That concludes the list of OO features in VB6.

Strongly Typed Data: Variant V_TYPEs

When dealing with more crude systems which do not have VB’s wonderfully adaptive and presumptive typing system (*cough* C++), it may be necessary to actually have to pigeon-hole your data into ‘strong types’ by understanding how VB stores data in memory  and how it’s marshaled to systems outside the glorious VBRuntime.  I know, I know, I thought we were past this too, but apparently some people find it necessary to still run code outside of a managed runtime environment like VB6 and so we must come down to their level.  Posts about this subject include:

  • Defining variant subtype with V_TYPE
  • Rewriting C++ code in VB6 without having to understand pointers (not sure if we’ll get this one done by the end of April, that remains to be seen)

Ergonomic Considerations for new Drag and Drop Coding Features

VB6 has brought us even more opportunities to drag and drop our way to success without having to write much any code! But with great power also comes great responsibility. Many VB6 users have reported ‘mouse hand’, so it’s important to remember that, despite our ridiculous RAD productivity, we still are mere mortals and our hands CAN break. So take care, the VB6 programmer hands are a temple, after all.

  • Using other fingers for the Left Mouse Button: The Double Deuce
  • Using your left hand for dragging
  • Add-ons with Mouse Gesturing capabilities

Many different OPTIONs

VB6 is frighteningly customizable. In fact, one of the customizations is to control how the interpreter compiler treats your finely crafted code. We’ll explore these various options and how they can be helpful or harmful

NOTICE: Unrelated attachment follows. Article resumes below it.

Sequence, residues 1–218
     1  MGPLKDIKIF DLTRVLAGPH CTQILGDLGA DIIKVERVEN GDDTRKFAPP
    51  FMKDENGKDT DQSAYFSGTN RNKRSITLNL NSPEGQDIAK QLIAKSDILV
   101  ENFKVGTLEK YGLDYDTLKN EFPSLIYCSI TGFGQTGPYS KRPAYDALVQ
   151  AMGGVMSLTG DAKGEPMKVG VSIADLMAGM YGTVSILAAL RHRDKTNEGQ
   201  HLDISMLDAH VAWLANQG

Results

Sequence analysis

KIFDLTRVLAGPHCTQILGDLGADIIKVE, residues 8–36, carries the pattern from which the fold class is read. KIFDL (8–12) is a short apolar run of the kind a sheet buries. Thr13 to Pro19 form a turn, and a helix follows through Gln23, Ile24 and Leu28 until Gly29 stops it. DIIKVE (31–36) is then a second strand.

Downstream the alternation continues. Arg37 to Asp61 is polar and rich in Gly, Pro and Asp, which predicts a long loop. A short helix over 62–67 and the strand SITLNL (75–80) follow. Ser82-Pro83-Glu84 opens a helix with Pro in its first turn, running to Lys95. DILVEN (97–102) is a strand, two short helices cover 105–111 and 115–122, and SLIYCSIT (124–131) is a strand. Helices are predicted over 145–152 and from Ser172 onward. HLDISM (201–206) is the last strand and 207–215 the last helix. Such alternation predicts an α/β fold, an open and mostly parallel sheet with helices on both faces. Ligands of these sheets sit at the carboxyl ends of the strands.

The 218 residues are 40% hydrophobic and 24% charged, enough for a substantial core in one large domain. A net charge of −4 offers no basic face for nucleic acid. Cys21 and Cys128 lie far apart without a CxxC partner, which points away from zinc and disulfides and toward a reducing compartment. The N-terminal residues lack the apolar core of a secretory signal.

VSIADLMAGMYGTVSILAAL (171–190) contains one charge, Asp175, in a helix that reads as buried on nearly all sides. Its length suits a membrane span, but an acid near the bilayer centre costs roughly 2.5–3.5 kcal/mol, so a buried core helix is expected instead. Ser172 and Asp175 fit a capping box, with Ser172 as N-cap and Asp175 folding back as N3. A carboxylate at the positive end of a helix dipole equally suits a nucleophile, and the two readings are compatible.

• OPTION STRICT (warning: Avoid this one like the plague, it restricts your creative expression entirely!)
  • OPTION COMPARE (Love this feature, totally change the way the entire app works with one keystroke, totally awesome!)

About Chad Myers

Chad Myers is the Director of Development for Dovetail Software, in Austin, TX, where he leads a premiere software team building complex enterprise software products. Chad is a .NET software developer specializing in enterprise software designs and architectures. He has over 12 years of software development experience and a proven track record of Agile, test-driven project leadership using both Microsoft and open source tools. He is a community leader who speaks at the Austin .NET User's Group, the ADNUG Code Camp, and participates in various development communities and open source projects.
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  • Are you bein’ sarcastic, man?

  • @Matt

    Wha? No way man, I’m OPTION EXPLICIT all the way, baby.

  • Sah! Nap!

  • COBOLDan

    Yee haw! Looks like its finally time to get me some of that GUI stuff. Cant wait to get away from these damn blue screens. This will work with ISAM right?

  • Way to go Chad. It’s about time something exciting happened in our beloved VB world. Next, VB on Vails.

  • I think I’ll start with VVV. Similar to MVC, except allll View baby.

  • Perry

    Look at the date dudes! April Fool!

  • Hilarious! “The Double Deuce” had me rolling.